The destruction of Dacia
Located beside the Monument to Vittorio Emanuele II
, Trajan’s forum was the final Imperial forum to be built. It was commissioned by the emperor Trajan in 112 AD to commemorate his victory over the Dacians in what is now modern Romania.
The imposing forum was designed by the architect Apollodorus of Damascus, who accompanied Trajan on his Dacian campaign, and was financed by the spoils of the Dacian wars. One of many striking sights
along the Via dei Fori Imperiali, its imposing column still looms over the district today.
In order to construct the Forum, whose vast central piazza measures 200 by 120 metres, the sides of Capitoline Hill
and Quirinal Hill were excavated to make room. The forum included a triumphal arch, a temple to the deified Trajan, the Basilica Ulpia and two civic libraries as well as Trajan’s Column, and was completed by the adjoining high-rise shopping complex of Trajan’s markets.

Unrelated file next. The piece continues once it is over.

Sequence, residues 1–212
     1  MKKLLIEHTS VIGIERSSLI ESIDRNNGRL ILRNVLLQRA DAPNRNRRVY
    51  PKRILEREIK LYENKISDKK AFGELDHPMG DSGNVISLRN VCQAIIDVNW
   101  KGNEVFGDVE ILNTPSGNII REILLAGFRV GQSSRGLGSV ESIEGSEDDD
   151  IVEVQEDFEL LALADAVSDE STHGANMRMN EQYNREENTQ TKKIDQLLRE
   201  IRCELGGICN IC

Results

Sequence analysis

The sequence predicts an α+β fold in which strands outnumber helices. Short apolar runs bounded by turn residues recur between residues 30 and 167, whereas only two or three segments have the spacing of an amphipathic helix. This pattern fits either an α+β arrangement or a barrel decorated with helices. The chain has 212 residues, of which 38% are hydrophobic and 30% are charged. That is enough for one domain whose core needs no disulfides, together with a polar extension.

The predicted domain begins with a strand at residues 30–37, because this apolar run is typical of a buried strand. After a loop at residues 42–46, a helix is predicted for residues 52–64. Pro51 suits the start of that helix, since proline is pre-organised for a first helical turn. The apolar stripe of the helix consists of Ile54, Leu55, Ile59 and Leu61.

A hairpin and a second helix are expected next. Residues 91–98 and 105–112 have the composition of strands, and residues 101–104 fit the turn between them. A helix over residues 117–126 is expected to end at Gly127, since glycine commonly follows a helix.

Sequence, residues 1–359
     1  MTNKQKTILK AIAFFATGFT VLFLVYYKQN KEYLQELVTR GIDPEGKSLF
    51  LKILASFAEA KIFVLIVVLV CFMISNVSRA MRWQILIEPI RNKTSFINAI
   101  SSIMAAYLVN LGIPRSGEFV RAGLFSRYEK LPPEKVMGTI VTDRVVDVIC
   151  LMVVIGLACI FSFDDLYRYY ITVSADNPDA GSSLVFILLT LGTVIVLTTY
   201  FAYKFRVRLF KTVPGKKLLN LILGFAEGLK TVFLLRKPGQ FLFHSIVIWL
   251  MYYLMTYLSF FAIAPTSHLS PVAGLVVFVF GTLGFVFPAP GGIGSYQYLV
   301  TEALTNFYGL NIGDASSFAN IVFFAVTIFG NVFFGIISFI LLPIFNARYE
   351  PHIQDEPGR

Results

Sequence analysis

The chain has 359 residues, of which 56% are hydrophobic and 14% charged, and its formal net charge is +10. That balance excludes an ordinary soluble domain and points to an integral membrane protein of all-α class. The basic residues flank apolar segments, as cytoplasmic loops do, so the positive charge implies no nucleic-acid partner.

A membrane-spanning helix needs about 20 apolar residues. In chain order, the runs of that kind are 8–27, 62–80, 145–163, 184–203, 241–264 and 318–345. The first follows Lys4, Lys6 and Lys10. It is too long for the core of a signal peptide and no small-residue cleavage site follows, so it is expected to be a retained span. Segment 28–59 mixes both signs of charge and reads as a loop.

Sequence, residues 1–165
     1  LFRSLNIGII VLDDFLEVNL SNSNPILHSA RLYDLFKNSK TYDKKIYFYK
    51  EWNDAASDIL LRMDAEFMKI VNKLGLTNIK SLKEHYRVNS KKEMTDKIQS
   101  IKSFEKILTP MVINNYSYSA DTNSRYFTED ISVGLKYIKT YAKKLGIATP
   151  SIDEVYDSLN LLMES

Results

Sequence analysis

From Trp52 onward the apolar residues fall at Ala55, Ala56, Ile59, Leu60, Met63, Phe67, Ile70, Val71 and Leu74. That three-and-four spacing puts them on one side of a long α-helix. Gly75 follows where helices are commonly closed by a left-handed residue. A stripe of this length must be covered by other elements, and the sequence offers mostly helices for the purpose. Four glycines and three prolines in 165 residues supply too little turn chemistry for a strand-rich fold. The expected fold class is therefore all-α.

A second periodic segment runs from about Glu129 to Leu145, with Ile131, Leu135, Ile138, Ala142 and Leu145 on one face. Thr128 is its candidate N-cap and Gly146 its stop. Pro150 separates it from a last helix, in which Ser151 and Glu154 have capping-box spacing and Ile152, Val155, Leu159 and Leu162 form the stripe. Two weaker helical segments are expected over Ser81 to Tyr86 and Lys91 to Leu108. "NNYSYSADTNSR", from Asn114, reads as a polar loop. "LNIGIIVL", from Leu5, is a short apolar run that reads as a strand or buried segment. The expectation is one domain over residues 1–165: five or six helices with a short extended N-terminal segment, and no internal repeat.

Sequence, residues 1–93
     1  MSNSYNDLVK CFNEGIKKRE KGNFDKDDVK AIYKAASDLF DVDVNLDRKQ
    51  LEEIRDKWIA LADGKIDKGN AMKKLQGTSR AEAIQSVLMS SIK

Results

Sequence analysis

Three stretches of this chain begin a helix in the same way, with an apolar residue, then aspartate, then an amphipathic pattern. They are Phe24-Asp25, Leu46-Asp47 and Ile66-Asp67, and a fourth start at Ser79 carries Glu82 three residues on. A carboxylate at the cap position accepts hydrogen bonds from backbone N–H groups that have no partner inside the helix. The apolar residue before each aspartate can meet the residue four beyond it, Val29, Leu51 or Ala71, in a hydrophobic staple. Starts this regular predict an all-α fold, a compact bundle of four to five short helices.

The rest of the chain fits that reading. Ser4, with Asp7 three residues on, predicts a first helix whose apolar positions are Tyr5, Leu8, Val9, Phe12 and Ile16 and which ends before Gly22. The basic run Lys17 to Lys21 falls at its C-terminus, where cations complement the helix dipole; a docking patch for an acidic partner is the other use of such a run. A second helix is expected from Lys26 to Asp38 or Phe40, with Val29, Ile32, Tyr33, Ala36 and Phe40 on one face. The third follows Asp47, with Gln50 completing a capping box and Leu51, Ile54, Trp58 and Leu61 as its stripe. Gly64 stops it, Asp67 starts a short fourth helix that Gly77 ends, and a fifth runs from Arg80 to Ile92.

The 35 metre triumphal column, also designed by Apollodorus, is intricately decorated with scenes of Trajan’s victory in a sort of propaganda comic-strip. Peer closely at the Carrara marble and you will see a conquering army slaughtering their way through Dacia in a spiralling bas-relief storyline going right up to the top: there are around 2,500 individual figures, and if unfurled the frieze would total a staggering 160 metres in length. Originally the column was topped by a statue of Trajan, which disappeared in the Middle Ages; in 1587 a bronze idol of St. Peter
was placed on top by Pope Sixtus V, and this still adorns the top of the column today.